means for providing substantially equal varying flows through each of said fluid flow means in response to varying pressure values at said location;

compensator means varying the flow through each of said fluid flow means in response to said location pressure as a function of system temperature so as to maintain said common pressure drop value at at least one value of flow at a substantially constant value of location pressure for a range of temperature values;

differential means providing an output signal in response to differences in pressure downstream of each of said fluid flow means, whereby an output signal is produced for all pressure values except that causing said at least one value of flow for all of said temperatures in said range.

16. The sensing circuit of claim 15 wherein one of said fluid flow means is a laminar flow restriction, and wherein the other of said fluid flow means is an orifice restriction.

17. The sensing circuit of claim 15 further including means for controlling fluid flow to or from said location in response to said output signal so as to maintain said location pressure at the value corresponding to said at least one flow value.

18. The circuit of claim 15 wherein said means controlling flow to or from said location includes a source of fluid pressure, and means controlled by said signal controlling the fluid communication between said source and said location.

19. The circuit of claim 15 wherein said means controlling flow to or from said location includes a fluid source in communication with said location and means controllably venting said location in response to said signal.

20. The sensing circuit of claim 15 further including pressure control means providing said equal varying flows independently of pressure values downstream of both of said fluid flow means.

21. The sensing circuit of claim 20 wherein said pressure control means includes a restriction connected downstream from said first and second fluid flow means, and wherein said compensator means includes means varying the flow through said restriction at a given location pressure as a function of temperature.

22. The sensing circuit of claim 21 wherein said pressure controlmeans includes means creating sonic flow through said restriction through a range of location pressure and temperature values including said temperature range and said flow value at said at least one common pressure drop value.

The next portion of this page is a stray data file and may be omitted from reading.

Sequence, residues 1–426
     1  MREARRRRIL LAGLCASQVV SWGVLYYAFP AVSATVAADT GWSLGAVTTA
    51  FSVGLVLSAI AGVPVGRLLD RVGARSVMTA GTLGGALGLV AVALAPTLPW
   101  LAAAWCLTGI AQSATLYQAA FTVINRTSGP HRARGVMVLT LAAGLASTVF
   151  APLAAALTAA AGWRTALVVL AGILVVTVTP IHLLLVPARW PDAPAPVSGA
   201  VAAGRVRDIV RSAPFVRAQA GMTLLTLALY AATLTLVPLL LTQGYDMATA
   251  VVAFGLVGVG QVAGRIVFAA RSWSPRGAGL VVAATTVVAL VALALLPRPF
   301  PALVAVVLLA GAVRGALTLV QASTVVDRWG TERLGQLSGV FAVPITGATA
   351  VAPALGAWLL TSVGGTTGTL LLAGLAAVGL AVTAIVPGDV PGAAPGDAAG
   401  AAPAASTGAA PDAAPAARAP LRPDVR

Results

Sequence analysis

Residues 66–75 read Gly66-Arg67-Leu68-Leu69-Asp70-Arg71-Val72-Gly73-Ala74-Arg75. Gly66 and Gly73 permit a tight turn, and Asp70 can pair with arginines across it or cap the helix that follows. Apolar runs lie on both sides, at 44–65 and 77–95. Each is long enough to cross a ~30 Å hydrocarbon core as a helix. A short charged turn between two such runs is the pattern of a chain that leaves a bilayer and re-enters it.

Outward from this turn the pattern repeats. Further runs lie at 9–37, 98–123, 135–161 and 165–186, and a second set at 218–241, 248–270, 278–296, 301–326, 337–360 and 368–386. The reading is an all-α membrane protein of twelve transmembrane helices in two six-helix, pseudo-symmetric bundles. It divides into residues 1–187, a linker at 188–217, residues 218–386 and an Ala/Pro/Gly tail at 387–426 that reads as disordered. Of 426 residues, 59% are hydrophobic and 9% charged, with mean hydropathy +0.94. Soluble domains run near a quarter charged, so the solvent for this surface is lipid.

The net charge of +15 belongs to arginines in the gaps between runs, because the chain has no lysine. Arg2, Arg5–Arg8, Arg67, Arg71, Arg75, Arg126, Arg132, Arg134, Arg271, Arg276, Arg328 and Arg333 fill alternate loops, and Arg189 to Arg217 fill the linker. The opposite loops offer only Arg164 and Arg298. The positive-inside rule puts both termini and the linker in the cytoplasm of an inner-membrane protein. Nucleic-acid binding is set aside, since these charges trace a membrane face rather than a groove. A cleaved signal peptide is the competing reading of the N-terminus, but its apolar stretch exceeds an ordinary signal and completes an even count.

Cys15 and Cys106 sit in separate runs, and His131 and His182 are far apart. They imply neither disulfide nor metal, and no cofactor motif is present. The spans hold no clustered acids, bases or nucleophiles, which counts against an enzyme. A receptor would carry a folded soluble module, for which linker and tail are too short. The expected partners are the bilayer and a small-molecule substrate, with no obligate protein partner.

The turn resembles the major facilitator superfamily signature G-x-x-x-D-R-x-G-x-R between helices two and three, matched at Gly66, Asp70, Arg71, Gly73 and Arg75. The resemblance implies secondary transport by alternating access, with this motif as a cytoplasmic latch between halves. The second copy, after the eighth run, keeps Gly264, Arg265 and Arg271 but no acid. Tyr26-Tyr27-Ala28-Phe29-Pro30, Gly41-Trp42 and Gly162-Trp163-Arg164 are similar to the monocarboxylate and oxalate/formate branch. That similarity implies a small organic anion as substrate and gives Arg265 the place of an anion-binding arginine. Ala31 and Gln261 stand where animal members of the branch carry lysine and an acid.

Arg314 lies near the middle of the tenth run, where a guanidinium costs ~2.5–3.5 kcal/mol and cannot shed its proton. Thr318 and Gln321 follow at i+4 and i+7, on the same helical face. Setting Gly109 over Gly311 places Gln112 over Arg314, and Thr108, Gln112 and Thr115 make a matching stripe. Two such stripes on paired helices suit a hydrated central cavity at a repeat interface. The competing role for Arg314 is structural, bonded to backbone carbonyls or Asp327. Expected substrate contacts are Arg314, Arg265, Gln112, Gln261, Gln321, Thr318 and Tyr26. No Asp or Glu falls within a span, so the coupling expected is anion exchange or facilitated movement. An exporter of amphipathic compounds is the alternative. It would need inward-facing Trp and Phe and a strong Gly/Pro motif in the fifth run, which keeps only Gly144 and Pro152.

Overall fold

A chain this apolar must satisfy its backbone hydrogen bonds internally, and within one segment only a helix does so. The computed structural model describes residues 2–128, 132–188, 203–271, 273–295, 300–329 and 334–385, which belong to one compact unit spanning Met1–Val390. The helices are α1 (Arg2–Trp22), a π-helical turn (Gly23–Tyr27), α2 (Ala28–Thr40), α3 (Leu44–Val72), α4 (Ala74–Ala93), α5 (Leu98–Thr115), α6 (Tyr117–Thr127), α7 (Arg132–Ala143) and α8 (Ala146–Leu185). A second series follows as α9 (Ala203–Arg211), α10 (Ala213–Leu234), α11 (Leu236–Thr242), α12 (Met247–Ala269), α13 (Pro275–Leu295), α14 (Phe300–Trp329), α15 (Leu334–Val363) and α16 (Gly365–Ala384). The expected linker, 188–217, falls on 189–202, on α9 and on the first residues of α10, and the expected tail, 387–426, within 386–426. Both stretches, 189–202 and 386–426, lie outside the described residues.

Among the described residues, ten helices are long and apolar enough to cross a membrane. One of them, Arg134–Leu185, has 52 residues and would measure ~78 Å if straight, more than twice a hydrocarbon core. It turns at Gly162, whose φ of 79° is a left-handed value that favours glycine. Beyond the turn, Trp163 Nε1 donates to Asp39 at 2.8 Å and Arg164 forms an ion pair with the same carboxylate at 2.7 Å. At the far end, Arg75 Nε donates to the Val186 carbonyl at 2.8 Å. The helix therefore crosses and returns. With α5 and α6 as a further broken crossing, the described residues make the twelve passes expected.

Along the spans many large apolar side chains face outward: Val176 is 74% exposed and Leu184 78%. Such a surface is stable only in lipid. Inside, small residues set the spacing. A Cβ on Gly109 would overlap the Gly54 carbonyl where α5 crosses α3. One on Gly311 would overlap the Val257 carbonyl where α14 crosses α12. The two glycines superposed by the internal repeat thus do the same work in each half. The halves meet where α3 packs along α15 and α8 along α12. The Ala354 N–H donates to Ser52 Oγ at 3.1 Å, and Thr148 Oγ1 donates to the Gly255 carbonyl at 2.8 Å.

23. The sensing circuit of claim 22 wherein said compensator means includes means varying the effective flow area of said restriction as a function of temperature.

24. The sensing circuit of claim 23 wherein said means varying the effective flow area varies said effective flow area of said restrictor linearly with temperature.

25. The sensing circuit of claim 23 wherein said compensator means further includes a first member and means positioning said member juxtaposed and spaced from said restriction in the flow path and also includes means moving said member so as to vary said spacing as a function of temperature, whereby the effective flow area of said restriction is varied as a function of temperature.

26. The sensing circuit of claim 25 wherein said moving and positioning means includes a second member drivingly connected to said first member and having a differing coefficient of thermal expansion, and also includes means moving said first member relative said restriction in response to differential expansion of said first and second members.

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Referenced by
Citing PatentFiling datePublication dateApplicantTitle
US3756285 *Oct 14, 1971Sep 4, 1973Secr DefenceFluid flow control apparatus
US4003242 *Jul 14, 1975Jan 18, 1977A. MonfortsDevice for determining the mixing ratio of binary gases
US4265116 *Oct 1, 1979May 5, 1981The Garrett CorporationFluidic temperature sensor
US4407153 *Mar 13, 1981Oct 4, 1983Normalair-Garrett (Holdings) LimitedFlueric partial pressure sensors
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Classifications
U.S. Classification137/804, 137/810
International ClassificationF15B11/00, F15B11/02, F15C7/00, G01L7/00, G05D16/04, G05D16/00
Cooperative ClassificationF15B2211/45, F15B2211/6051, G05D16/04, F15B11/02, F15B2211/66, F15B2211/41572, F15B2211/40507, F15B2211/41563, F15B2211/71
European ClassificationF15B11/02, G05D16/04